he question as to which order of the initial courses (Copper foil, Leading, Appliqué mosaic, Traditional Stained glass painting) to come on does crop up – and the honest answer is that it really does not matter. All share learning about glass cutting and shaping, with specifics about each technique within each individual course – whatever you learn from one course accelerates your progress or adds to your capabilities in another. It’s all about what you personally would like to achieve. Anyway, it is worth bearing in mind:
- Traditional leading techniques are used to create a weatherproof and/or larger scale panel – hence their use in windows.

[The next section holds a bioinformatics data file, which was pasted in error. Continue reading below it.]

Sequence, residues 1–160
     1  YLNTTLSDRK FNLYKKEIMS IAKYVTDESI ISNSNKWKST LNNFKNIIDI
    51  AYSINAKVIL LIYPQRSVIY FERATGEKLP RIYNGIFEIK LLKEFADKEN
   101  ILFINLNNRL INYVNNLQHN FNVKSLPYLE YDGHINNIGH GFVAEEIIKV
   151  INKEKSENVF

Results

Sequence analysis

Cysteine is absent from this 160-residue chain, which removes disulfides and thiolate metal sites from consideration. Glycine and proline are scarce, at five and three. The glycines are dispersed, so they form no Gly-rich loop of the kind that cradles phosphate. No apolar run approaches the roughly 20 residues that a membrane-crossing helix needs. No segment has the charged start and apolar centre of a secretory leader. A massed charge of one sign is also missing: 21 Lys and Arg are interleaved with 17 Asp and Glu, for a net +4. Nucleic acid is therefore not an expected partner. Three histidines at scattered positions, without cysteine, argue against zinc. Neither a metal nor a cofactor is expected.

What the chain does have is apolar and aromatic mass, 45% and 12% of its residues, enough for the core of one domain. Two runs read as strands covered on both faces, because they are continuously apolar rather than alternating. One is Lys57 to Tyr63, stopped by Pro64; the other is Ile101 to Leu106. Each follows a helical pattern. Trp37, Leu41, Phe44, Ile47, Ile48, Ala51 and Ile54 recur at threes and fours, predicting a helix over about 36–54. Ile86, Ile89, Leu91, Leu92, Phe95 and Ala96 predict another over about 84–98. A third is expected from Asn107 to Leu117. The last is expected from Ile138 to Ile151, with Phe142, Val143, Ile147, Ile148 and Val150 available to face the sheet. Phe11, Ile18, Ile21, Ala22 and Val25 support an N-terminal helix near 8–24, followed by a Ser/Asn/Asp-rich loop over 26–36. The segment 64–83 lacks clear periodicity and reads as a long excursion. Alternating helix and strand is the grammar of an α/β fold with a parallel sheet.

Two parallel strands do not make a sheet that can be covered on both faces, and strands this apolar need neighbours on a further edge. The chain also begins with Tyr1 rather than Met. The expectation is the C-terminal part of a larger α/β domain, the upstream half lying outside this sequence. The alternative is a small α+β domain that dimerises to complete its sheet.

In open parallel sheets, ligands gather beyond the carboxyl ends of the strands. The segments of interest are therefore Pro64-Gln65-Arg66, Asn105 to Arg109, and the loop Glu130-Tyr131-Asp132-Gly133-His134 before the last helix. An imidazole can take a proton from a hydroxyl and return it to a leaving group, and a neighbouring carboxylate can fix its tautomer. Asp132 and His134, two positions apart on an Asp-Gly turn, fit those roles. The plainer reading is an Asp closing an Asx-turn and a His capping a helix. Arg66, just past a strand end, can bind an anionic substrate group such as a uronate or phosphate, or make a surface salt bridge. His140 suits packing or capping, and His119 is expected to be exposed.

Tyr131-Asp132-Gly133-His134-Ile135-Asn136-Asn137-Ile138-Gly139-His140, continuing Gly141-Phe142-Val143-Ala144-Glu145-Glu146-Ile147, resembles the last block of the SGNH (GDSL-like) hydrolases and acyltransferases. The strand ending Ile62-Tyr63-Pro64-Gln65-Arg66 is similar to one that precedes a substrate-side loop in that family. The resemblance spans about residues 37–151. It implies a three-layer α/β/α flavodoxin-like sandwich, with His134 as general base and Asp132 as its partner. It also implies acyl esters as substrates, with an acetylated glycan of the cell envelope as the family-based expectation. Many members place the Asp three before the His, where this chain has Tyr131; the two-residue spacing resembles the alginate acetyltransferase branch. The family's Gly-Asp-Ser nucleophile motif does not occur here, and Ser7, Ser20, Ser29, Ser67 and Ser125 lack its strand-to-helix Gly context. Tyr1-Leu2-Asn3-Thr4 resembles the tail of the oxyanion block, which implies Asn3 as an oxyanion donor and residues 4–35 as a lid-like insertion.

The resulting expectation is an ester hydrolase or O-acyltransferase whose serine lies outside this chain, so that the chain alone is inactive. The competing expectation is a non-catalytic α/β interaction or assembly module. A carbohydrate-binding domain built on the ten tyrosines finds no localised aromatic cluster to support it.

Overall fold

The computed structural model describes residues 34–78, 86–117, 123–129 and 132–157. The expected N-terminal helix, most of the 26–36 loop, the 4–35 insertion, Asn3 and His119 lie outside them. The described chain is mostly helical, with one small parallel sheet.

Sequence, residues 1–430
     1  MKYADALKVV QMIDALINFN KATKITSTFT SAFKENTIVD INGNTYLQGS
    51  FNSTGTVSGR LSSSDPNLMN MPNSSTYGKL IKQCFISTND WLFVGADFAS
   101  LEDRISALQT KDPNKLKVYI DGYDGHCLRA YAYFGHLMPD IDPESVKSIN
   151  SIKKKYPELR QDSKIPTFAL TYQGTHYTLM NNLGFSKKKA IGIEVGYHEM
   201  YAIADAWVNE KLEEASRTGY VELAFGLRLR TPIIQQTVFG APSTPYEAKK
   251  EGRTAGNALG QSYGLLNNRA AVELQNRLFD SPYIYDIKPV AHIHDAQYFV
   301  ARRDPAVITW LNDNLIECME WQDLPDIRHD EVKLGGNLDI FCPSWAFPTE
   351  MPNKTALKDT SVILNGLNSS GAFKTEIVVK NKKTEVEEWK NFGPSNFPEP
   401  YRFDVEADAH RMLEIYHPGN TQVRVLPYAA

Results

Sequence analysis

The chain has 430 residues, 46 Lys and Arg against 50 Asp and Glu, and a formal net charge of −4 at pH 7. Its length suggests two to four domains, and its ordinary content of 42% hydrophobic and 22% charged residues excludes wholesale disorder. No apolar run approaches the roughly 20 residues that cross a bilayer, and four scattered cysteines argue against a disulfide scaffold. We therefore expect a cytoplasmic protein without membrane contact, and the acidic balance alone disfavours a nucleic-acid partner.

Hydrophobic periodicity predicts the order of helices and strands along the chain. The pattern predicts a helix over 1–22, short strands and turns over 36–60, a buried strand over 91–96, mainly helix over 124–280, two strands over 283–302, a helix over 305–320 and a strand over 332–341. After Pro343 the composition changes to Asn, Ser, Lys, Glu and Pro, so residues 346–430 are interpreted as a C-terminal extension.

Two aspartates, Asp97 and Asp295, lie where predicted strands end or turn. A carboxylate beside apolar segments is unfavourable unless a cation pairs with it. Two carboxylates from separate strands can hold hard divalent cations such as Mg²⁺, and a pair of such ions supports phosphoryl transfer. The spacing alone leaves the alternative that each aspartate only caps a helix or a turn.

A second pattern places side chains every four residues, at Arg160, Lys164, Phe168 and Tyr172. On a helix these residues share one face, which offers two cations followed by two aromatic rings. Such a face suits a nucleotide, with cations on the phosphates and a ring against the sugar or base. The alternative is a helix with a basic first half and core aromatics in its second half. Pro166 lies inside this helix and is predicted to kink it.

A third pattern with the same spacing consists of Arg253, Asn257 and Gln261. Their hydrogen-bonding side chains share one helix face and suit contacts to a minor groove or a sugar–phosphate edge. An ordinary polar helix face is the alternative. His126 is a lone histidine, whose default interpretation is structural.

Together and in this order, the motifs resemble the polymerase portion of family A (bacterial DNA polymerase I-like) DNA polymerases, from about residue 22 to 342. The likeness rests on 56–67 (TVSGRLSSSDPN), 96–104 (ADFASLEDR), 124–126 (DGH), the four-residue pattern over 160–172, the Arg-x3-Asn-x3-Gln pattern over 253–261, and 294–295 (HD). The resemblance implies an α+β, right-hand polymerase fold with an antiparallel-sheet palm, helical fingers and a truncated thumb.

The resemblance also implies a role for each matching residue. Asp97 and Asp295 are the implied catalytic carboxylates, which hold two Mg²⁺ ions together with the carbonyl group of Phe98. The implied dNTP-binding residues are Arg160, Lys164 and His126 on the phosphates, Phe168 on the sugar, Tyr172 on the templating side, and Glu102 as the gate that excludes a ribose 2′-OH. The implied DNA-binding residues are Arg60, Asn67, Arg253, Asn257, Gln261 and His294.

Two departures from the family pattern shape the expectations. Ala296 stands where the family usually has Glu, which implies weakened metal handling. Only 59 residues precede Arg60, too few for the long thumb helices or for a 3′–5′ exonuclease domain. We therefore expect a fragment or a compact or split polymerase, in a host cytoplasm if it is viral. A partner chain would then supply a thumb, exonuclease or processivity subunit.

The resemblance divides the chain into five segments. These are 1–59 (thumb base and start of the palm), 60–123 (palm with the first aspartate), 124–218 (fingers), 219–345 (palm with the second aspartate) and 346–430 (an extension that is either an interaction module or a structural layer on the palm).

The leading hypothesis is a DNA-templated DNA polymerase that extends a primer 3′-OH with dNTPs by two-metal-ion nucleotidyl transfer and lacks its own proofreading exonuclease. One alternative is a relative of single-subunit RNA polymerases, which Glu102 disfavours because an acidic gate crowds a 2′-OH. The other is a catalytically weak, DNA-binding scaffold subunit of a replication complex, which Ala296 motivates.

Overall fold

- Copperfoil techniques are used to create more detailed work with narrower borders between pieces – but are not weatherproof (however it is perfectly feasible to include a special copperfoiled section within a leaded panel using a specific approach to ensure weatherproofing).
- Appliqué/mosaic panels can be made weatherproof, as window panels, simply by presenting the flat pane to the exterior with the mosaic to the interior
Whilst a separate art in its own right, a great enhancement to all glasswork can be made through ‘Traditional Stained Glass Painting’ (See the Courses section of the website). This course can be usefully taken at pretty much any point.
Then there are topic courses – ‘to raise your game’ in specific areas, particularly soldering and glass cutting and once competent across most areas the ‘Masterclass’ is highly recommended – to cover a range of advanced techniques and approaches that can transform your work.